Permanent rivers transect the rugged mainland interior and flow into the lagoon every few kilometres along the coast. These once flowed across the now submerged coastal plain, meeting the ocean in what are now the major passages through the barrier islands. These reliable water sources are supplemented by springs close to the coast and there are also areas of marshy - 15 land in the lower reaches of most river systems, and located in patches behind the mangrove zone. Water supplies on the barrier islands are less reliable. There are no permanent streams, but many of the islands contain semi-permanent springs located above the high tide line. All of the barrier island water sources dry out during particularly long dry spells (July-August), and people routinely transport water from the mainland to the islands during these periods.

The coastal soils of Roviana are mainly of limestone derivation, reflecting their origins in uplifted coralline reefs, although soils inland of the mainland coastal flats are derived from basic volcanics. The limestone soils are low in nutrients but support a shifting cultivation system which is today centred around sweet potato production, supplemented by the traditional crop plants: taro, yam, banana and sago. Sweet potato is probably an early historic period introduction 1 that does well on coastal flats adjacent to the sea. Other introduced food plants include cassava, which does especially well in the low nutrient conditions, as well as a range of fruits and green leaf vegetables. Irrigated and wet-field taro production is today only practised in a few favoured locations in Roviana, although it is potentially viable along the edges of the coastal river systems. Oral traditions, however, suggest that taro production was practised more intensively in the past, particularly around the interior of north New Georgia (Tedder and Barus 1976), and we have recorded the remains of small scale irrigated systems in the upper reaches of some streams (Sheppard et al. 1998). In addition to a shifting horticultural system, the subsistence economy of the Roviana peoples focused strongly on maritime exploitation systems, reflecting the richness and diversity of the New Georgia lagoons.

To summarise the conditions of Roviana Lagoon as they apply to Melanesian economic patterns, the region has a low potential for intensive horticultural production with limitations imposed by low nutrient soils and the lack of either extensive coastal plains or swamp systems suitable for wet-field taro production. This is offset by a rich and diverse marine environment, and despite the presence of an extensive forested interior, historic Roviana was very much a maritime based society. In Melanesia, coastal chiefdom systems, such as that of Roviana, tended to develop in areas where they could dominate external trade and exchange systems (Keesing 1992a: 187). The Roviana chiefdom and head-hunting system was intrinsically linked to a political economy centred in external exchange and, while avoiding overt notions of causation, we note that the local environmental conditions no doubt facilitated these developments. Roviana Lagoon is well sheltered, with a number of deep, safe passages to the open sea, and articulates with other extensive lagoon systems to the southeast - 16 and northwest. These inshore waters offered rapid access to the major population centres of New Georgia and relatively short, straight runs from coastal New Georgia could be made to the other islands of the Western Solomons, notably Rendova, Kolombangara, Choiseul and Simbo.

The environment described above represents the physical setting upon which the Roviana chiefdom and head-hunting system developed and flourished in the centuries leading up to 1900. We have discussed elsewhere, in reference to Roviana, the manner in which the landscape plays an active role in social construction and reproduction (Sheppard et al. n.d.). Here, we discuss the evidence from landscape archaeology, specifically settlement pattern analysis, for the scale and physical structure of the Roviana polity as it existed in the proto-historic period.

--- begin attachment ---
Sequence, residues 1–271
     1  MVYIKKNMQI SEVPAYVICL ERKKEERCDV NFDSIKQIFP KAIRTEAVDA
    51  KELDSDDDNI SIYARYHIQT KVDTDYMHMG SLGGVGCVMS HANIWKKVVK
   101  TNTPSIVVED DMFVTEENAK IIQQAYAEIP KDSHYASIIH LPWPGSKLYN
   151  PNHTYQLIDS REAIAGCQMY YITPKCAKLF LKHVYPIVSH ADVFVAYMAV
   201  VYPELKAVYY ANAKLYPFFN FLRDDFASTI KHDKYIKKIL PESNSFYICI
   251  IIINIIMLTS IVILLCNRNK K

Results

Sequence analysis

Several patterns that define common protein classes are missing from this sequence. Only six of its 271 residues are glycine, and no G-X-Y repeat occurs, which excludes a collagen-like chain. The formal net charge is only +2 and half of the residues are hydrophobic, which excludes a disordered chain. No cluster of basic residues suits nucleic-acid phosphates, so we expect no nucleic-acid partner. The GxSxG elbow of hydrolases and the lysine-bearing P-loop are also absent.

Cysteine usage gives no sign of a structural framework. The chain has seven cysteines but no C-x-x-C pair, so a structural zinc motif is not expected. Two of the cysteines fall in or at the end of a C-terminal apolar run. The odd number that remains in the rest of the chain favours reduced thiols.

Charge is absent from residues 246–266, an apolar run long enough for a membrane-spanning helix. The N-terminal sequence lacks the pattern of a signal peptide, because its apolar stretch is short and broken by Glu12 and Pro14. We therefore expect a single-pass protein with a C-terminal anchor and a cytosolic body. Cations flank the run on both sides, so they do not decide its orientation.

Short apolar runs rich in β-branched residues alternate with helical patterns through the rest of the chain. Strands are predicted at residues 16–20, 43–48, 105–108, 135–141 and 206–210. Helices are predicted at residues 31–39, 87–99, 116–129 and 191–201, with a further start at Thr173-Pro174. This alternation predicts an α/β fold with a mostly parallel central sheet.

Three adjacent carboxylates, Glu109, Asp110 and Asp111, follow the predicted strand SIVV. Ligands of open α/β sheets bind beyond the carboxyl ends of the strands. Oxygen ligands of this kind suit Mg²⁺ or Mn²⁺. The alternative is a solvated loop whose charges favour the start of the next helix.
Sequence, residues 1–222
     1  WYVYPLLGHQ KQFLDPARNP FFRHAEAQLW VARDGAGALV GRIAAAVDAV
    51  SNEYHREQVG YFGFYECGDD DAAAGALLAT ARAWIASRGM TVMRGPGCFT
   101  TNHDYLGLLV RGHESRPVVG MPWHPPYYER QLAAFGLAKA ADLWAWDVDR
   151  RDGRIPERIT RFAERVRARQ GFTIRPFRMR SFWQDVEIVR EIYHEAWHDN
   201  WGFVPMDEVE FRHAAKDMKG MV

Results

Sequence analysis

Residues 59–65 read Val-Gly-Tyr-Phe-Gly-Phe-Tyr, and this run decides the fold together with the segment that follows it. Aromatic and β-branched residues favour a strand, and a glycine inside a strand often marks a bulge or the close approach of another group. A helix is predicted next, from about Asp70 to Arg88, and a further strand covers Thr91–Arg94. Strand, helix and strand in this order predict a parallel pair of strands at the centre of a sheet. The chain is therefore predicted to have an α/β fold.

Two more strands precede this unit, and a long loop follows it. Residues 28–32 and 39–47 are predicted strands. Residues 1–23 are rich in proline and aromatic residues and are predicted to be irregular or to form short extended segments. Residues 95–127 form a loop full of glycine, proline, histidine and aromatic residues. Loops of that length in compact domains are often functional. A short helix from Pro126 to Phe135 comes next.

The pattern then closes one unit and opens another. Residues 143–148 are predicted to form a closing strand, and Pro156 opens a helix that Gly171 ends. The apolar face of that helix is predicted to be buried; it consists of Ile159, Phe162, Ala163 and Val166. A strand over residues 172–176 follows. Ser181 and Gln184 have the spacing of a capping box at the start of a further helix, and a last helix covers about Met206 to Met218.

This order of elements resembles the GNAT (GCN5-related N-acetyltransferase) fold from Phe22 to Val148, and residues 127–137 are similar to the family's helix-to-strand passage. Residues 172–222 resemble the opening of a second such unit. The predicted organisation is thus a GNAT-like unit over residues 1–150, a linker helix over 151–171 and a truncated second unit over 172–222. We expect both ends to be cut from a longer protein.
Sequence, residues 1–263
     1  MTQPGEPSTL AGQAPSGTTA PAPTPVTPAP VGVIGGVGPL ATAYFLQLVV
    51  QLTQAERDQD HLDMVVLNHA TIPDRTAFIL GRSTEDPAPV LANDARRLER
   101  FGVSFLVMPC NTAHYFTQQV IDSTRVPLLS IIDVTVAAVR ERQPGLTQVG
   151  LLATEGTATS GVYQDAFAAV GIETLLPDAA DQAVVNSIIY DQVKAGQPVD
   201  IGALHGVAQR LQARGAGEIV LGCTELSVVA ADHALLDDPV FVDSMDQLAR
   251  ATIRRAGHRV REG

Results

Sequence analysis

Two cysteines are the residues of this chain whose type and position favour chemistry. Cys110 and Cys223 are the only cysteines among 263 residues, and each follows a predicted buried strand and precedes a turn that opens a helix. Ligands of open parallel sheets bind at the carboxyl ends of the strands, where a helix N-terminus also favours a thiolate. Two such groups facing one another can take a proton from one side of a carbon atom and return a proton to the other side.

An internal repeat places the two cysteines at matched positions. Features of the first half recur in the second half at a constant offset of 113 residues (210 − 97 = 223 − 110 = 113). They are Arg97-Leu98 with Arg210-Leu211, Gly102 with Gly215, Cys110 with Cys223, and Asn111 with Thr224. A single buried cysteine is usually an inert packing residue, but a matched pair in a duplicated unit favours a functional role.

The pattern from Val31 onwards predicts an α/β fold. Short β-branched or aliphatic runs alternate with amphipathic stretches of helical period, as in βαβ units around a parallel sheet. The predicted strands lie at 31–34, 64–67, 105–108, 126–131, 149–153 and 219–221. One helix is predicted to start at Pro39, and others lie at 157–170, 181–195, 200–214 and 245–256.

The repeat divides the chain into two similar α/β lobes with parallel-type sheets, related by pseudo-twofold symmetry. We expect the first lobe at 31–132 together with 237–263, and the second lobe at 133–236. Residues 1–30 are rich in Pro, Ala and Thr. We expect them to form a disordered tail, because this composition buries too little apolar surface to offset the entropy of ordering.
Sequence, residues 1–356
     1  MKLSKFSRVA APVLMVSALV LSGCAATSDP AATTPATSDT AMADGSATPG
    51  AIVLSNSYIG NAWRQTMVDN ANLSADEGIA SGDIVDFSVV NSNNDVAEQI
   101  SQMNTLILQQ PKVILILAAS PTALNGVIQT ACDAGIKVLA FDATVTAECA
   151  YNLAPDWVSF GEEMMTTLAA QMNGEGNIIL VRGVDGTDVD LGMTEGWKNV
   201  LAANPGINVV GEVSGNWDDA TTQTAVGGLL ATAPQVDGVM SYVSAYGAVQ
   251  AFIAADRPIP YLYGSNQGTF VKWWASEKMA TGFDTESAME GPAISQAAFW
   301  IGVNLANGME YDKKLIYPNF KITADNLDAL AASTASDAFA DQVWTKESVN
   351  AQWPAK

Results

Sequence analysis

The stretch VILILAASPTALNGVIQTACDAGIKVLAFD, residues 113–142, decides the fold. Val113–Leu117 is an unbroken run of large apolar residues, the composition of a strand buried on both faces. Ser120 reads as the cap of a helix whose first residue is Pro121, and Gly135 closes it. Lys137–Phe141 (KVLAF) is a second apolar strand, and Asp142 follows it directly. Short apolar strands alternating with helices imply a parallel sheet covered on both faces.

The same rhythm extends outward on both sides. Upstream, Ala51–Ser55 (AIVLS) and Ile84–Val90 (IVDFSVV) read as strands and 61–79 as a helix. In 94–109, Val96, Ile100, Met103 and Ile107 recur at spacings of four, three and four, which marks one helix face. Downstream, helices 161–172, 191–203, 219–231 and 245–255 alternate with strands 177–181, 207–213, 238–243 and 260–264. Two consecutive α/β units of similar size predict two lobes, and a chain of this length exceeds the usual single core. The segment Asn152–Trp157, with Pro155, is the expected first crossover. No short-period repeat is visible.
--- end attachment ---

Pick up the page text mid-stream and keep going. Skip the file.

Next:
SETTLEMENT PATTERNS IN ROVIANA

Archaeological landscapes consist of a juxtaposition of enduring features from different time periods; they constitute a palimpsest of history. There are means, however, of teasing apart the various components and transforming what is essentially a synchronic artefact into a diachronic one— of breathing history into the landscape. The New Georgia Archaeological Survey (N.G.A.S.) research has recorded and mapped hundreds of archaeological sites and features relating to the Roviana chiefdom, but in this review we discuss only a small subset of these. Drawing on oral tradition, radiocarbon dating and typology we describe a sequence of change in sites, features, artefacts and their configuration. We begin by describing the archaeological landscape of Nusa Roviana Island which was the ritual and political centre of head-hunting activities in the late prehistoric and early historic era. We then discuss sites and site complexes along the barrier islands and the New Georgia mainland, and argue that a chronological sequence can be presented for these which can be used to model the development of the Roviana chiefdom. As indicated above, the key element of this chronological treatment of head-hunting lies in tracing the changing structure, content and spatial relationships of shrines, a primary ritual and symbolic focus of all power relations and acts in Roviana society.

Nusa Roviana

Nusa Roviana Island is about 4km long and reaches a maximum elevation of just under 80m making it the highest of the barrier reef islands in Roviana Lagoon. It has a narrow coastal strip on three sides, rising to a central ridge about one kilometre in length. Swidden gardens are maintained on the coastal flat land and rise high up the central slopes, especially on the (northern) Kalikoqu side, where today they are encroaching into areas which contain - 17 archaeological remains of previous habitation, fortification and religious activity. The wide southeastern end of the island is low, swampy and uninhabited.